Digital Signatures
We can use the ideas from publickey encryption to build asymmetric cryptographic schemes that guarantee integrity and authentication too. In this section, we will define digital signatures, which are essentially the publickey version of MACs, and show how they can help guarantee integrity and authentication.
Digital signature properties
Recall that in publickey encryption, anyone could use Bob’s public key to encrypt a message and send it to him, but only Bob could use his secret key to decrypt the message. However, the situation is different for digital signatures. It would not really make sense if everyone could generate a signature on a message and only Bob could verify it. If anyone could generate a signature with a public key, what’s stopping an attacker from generating a malicious message with a valid signature?
Instead, we want the reverse: only Bob can generate a signature on a message, and everyone else can verify the signature to confirm that the message came from Bob and has not been tampered with.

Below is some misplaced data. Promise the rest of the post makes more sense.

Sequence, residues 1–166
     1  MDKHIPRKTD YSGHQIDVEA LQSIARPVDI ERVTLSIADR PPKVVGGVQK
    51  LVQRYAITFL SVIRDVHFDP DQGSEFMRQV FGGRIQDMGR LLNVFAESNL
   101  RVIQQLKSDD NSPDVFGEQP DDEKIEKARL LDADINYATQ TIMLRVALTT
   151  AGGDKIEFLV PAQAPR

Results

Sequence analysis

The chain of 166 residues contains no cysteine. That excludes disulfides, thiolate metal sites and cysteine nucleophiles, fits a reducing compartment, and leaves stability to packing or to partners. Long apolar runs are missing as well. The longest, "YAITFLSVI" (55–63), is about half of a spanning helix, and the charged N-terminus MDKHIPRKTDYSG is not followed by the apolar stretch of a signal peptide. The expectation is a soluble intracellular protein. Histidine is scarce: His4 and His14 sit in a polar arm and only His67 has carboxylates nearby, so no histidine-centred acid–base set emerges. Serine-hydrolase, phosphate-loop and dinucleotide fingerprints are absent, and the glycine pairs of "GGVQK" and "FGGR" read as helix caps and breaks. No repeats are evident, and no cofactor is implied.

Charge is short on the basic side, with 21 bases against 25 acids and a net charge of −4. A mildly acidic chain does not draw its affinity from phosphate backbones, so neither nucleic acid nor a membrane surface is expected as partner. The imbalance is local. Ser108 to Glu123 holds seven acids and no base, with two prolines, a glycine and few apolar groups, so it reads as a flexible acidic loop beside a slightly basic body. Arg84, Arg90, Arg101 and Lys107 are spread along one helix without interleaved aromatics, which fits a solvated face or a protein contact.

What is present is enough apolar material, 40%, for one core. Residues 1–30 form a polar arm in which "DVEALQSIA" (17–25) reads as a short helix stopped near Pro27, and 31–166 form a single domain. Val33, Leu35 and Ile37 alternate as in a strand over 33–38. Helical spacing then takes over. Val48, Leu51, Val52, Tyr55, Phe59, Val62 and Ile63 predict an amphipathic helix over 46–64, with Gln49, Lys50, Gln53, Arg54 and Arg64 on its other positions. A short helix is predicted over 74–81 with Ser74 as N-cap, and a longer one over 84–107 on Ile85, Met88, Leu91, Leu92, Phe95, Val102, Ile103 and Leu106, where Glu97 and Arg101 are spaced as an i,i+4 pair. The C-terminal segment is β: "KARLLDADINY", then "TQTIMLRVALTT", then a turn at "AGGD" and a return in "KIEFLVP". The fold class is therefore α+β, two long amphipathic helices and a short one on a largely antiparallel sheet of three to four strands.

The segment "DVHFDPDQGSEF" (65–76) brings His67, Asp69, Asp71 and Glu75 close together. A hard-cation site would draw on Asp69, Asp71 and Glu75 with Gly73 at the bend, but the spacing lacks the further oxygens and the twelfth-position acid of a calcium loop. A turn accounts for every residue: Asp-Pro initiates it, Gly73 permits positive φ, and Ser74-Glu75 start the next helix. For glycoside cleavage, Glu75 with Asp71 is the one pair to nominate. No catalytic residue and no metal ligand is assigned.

In a digital signature scheme, Bob generates a public key (also known as a verification key) and a private key (also known as a signing key). Bob distributes his public verification key to everyone, but keeps his signing key secret. When Bob wants to send a message, he uses his secret signing key to generate a signature on the message. When Alice receives the message, she can use Bob’s public verification key to check that the signature is valid and confirm that the message is untampered and actually from Bob.
Mathematically, a digital signature scheme consists of three algorithms:

Key generation: There is a randomized algorithm \(\text{KeyGen}\) that outputs a matching public key and private key: \((PK,SK) = \text{KeyGen}()\). Each invocation of \(\text{KeyGen}\) produces a new keypair.

Signing: There is a signing algorithm \(\text{Sign}\): \(S = \text{Sign}(SK, M)\) is the signature on the message \(M\) (with private key \(SK\)).

Verification: There is a verification algorithm \(\text{Verify}\), where \(\text{Verify}(PK,M,S)\) returns true if \(S\) is a valid signature on \(M\) (with public key \(PK\)) or false if not.
If \(PK,SK\) are a matching pair of private and public keys (i.e., they were output by some call to \(\text{KeyGen}\)), and if \(S = \text{Sign}(SK,M)\), then \(\text{Verify}(PK,M,S)=\text{true}\).
RSA Signatures: Highlevel Outline